Typically when a currency falls in value, investors flock to purchase that country’s assets and exports under the new exchange rate. The Venezuelan government however, is stuck producing nearly the same output. Why? Simply put, because of the South American country’s involvement in the Organization of the Petroleum Exporting Countries (OPEC) and its incredible reliance on oil, which is estimated by Reuters to be responsible for 96 percent of government revenue. Venezuela is in a position where it cannot produce more oil — to take advantage of break-even costs as low as $40 per barrel — or less, due to burgeoning global supply’s effect on prices.
Venezuelan oil production has not risen substantially in almost two decades:
This is not the byproduct of a lack of private interest in the country: exploration and extraction companies such as Chevron already operate within Venezuela and the Bolivarian government even claims grievances against ExxonMobil for resource theft by its international waters with Guyana. This is not because the country is attempting to use its reserves more sustainably — Venezuela has the largest deposit of proven oil reserves, and owns over 17 percent of the world’s oil, compared to the rest of Latin America, which collectively owns less than 5 percent. The combined lack of productivity and revenue is due to OPEC quotas, which have become a thorn in President Maduro’s side. This has effectively stunted Venezuela’s production capacity compared to its neighbors:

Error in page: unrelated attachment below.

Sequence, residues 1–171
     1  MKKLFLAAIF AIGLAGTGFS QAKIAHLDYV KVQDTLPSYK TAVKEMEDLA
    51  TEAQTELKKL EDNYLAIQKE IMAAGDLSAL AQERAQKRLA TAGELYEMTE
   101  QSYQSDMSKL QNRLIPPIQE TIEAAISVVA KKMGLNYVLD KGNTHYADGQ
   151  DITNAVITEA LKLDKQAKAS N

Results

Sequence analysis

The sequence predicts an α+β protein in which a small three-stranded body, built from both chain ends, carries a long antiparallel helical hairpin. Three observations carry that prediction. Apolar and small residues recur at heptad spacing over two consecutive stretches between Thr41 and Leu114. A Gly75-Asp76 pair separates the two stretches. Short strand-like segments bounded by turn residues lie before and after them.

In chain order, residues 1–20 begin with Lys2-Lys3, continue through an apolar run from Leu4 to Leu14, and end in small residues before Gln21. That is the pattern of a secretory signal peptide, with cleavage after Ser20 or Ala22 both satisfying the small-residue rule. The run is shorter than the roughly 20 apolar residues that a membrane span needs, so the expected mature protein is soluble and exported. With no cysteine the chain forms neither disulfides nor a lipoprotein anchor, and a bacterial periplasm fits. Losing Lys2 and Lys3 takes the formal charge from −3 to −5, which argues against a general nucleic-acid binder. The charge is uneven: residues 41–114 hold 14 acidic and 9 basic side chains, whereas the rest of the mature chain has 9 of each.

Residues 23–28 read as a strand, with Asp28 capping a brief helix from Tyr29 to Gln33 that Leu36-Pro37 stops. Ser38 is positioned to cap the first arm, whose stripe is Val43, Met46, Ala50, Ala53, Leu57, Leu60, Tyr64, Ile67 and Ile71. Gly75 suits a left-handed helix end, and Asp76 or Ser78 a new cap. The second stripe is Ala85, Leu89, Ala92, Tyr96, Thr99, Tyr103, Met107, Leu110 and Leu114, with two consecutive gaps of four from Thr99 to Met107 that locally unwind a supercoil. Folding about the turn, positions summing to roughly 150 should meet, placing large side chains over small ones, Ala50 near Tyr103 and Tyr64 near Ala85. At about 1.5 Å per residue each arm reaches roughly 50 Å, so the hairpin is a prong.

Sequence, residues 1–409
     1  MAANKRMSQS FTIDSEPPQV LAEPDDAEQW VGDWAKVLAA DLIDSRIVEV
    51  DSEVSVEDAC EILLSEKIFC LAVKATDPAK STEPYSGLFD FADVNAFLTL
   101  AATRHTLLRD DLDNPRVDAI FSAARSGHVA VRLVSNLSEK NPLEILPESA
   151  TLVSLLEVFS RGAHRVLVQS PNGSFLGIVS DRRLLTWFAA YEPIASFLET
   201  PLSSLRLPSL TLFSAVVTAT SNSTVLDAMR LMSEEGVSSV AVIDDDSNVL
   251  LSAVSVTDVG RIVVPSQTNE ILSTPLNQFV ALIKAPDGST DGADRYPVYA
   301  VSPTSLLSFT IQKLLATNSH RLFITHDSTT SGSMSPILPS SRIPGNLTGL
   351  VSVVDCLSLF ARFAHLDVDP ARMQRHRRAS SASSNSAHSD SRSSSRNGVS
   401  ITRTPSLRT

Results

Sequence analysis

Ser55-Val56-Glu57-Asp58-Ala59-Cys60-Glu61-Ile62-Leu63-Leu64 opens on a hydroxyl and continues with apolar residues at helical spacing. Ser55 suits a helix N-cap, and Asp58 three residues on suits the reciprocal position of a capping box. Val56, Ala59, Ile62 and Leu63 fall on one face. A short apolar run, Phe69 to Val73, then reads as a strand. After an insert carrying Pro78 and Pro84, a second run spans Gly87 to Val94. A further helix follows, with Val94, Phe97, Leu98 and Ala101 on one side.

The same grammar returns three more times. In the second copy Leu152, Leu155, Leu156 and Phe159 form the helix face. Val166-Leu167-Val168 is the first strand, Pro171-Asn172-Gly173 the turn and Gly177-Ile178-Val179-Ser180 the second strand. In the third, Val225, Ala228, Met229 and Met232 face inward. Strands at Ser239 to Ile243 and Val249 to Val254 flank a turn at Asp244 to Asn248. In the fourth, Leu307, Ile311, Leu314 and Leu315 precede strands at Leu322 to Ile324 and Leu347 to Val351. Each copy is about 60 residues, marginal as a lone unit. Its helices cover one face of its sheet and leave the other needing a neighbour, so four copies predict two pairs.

Venezuela’s recent attempts to counter economic collapse and civil unrest have come in the form of two new deals:
- Much like Nicaragua and Venezuela’s accord to trade coffee beans for crude oil, and Cuba and Venezuela’s deal to trade oil for teachers and doctors, Uruguay has now agreed to begin trading food for oil
- India has joined China in becoming a key consumer of Venezuelan oil, with a long-term investment plan of $143.7 billion being put in place to develop infrastructure for oil production in Venezuela
Even if OPEC were to scale back production tomorrow, all of these attempts to harness and expand on the country’s competitive advantage are likely futile for Venezuela itself, as it has a fixed supply quota it cannot surpass. Additionally, because of that quota, strengthening oil trade with Asian countries has meant neglecting and making cutbacks with the rest of Central and South America. Supply shocks are already being felt in Petrocaribe, a trade bloc of Caribbean nations which rely heavily on Venezuelan crude.
Apart from simply diversifying their economy and liberalizing the market, it is becoming increasingly urgent that Venezuela corresponds with the needs of its people rather than the whims of OPEC. The ailing nation should reduce these regulatory barriers such that its production more accurately reflects growth in global oil demand, it is after all one of the few oil-rich nations that has yet to do so.